Well, I’m exhausted. Exhausted from holding my breath through the speech that started — and finished — with such promise. In the middle, it let me down several times, such as with that silly litany about "I will do this; Obama will do that." (Yeah, a certain amount of that is called for — a candidate is obliged to tell us why we should vote for him and not the other guy — but that bit was contrived.)
This was … a great speech, delivered by someone who is not a great speaker… with bits and pieces that dragged it back down to mediocrity (and sometimes worse). If he’d cut out about a quarter of it, maybe less (and cut the right parts), it would have been magnificent. In the morning, when I have the full text in front of me, it might be an interesting exercise to see what a little editing can do…
The great parts (or the ones that leap to mind; I’m sure I’m forgetting some; I look forward to reviewing it in the morning):
- He called repeatedly on Americans to come together, to reject the foolishness of partisan estrangement. In those parts he was in touch with his essential Joe-ness, his UnPartisanship.
- He dealt with a heckler by saying the American people want us to come together.
- He spoke unflinchingly of the failings of his own party.
- When he decried the failed policies of the past and taking on the culture of Washington in which he has so often been a misfit, it was clear he was talking about the failures of Republicans AND Democrats.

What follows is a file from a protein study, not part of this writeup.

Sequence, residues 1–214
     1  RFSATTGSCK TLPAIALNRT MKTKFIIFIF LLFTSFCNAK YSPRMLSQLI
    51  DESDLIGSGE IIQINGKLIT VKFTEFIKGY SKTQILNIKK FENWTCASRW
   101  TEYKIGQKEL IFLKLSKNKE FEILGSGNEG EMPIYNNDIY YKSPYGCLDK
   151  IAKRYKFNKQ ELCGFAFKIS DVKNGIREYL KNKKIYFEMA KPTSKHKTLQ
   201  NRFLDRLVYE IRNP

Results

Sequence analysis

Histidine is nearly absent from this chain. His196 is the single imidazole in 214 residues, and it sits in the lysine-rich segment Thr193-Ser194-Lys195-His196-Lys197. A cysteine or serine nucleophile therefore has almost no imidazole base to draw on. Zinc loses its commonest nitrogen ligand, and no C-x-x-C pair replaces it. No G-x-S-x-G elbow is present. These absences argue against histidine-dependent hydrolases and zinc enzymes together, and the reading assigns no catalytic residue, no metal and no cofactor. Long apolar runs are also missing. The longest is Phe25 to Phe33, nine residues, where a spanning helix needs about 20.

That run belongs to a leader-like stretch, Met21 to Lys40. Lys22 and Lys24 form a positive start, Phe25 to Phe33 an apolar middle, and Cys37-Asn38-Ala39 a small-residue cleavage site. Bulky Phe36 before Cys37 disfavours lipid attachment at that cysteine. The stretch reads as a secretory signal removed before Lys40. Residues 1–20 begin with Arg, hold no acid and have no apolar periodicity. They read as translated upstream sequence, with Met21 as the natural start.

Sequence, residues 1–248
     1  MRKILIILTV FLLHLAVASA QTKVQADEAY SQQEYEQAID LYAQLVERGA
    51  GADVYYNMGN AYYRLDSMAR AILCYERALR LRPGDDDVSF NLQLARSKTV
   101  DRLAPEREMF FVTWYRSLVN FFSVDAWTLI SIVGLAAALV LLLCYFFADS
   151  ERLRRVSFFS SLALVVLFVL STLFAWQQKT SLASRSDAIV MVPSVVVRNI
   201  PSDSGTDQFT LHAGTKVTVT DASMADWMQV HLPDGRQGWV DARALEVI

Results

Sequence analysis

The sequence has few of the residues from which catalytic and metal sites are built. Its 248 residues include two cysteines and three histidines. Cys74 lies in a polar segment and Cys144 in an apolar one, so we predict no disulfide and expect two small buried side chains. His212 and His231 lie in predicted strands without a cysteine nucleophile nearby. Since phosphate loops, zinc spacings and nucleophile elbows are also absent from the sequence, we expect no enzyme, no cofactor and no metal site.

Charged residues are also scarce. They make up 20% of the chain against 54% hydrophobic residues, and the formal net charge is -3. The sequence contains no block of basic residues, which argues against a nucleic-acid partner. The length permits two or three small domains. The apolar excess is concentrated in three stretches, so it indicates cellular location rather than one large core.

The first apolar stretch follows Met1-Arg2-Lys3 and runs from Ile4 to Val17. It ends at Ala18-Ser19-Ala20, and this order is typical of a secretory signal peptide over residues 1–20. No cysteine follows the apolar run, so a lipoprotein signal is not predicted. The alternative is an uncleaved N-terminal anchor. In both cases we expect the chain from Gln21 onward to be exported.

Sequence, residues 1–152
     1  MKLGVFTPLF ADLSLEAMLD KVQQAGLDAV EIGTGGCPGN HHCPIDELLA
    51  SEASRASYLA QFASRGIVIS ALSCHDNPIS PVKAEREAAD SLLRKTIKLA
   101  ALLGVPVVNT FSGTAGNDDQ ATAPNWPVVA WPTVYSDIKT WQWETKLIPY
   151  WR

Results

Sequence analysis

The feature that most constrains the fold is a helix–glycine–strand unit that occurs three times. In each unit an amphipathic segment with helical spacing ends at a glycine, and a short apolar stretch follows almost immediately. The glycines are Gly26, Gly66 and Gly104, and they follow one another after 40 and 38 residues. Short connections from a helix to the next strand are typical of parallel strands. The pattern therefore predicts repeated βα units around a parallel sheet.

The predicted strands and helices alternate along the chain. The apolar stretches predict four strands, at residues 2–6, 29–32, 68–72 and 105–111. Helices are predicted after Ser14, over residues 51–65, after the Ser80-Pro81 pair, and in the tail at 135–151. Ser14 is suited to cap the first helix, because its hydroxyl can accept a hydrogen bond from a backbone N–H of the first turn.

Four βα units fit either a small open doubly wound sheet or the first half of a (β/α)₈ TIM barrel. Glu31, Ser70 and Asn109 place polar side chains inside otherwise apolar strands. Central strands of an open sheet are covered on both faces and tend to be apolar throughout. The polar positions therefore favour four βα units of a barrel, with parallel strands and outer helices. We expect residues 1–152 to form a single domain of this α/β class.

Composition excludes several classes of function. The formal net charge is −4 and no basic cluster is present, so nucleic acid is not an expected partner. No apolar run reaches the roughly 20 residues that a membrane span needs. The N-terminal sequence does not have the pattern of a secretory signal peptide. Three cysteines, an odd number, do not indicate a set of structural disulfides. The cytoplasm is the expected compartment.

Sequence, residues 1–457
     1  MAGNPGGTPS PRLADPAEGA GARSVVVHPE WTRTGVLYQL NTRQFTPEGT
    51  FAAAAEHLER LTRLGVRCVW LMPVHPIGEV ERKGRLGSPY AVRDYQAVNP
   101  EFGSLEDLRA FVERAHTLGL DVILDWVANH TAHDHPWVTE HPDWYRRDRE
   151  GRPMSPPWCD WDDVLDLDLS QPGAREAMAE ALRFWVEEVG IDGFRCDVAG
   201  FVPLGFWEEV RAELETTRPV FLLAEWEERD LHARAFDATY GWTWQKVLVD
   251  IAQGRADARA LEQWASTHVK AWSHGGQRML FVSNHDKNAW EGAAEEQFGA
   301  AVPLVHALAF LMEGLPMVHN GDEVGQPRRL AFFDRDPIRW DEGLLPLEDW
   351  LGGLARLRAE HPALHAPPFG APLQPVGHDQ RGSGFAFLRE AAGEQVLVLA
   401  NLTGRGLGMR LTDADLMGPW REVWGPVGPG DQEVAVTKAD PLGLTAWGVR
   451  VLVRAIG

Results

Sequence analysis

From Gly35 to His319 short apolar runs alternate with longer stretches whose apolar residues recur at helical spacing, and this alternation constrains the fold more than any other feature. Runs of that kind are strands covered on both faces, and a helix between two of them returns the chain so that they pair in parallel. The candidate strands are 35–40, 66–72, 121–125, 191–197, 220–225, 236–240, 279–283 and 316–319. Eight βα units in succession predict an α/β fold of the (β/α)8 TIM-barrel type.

- He told his story of heroism not in terms of his own achievement, but of how it taught him that radical individualism, his worship of himSELF as opposed to something larger, was a dead end.
Where the speech disappointed was where he extolled the values of that same selfishness, and did it in ways that were downright schizophrenic, from the prattling about tax cuts to that bizarre passage in which he promised private school "choice" in one breath, and promised to fix public schools by encouraging and rewarding good teachers and getting rid of bad ones (two news flashes: America will never pay for both, and education is NOT THE FEDERAL GOVERNMENT’S BUSINESS!).
Those bits made the speech sound like it was written in places by a committee, one engaged in a tug of war between vision and cant.
He inspired when he spoke of foreign affair, and he sometimes sounded dangerously naive when speaking of domestic. That sort of makes him and Obama a complementary pair. Yes, that’s an oversimplification (if Obama really knew what to do domestically, he’d push for single-payer).
So I was often deeply inspired, and at other times saying, DOH! Why’d he say that?
So I’m exhausted. I’m so glad these conventions are over.
What did y’all think?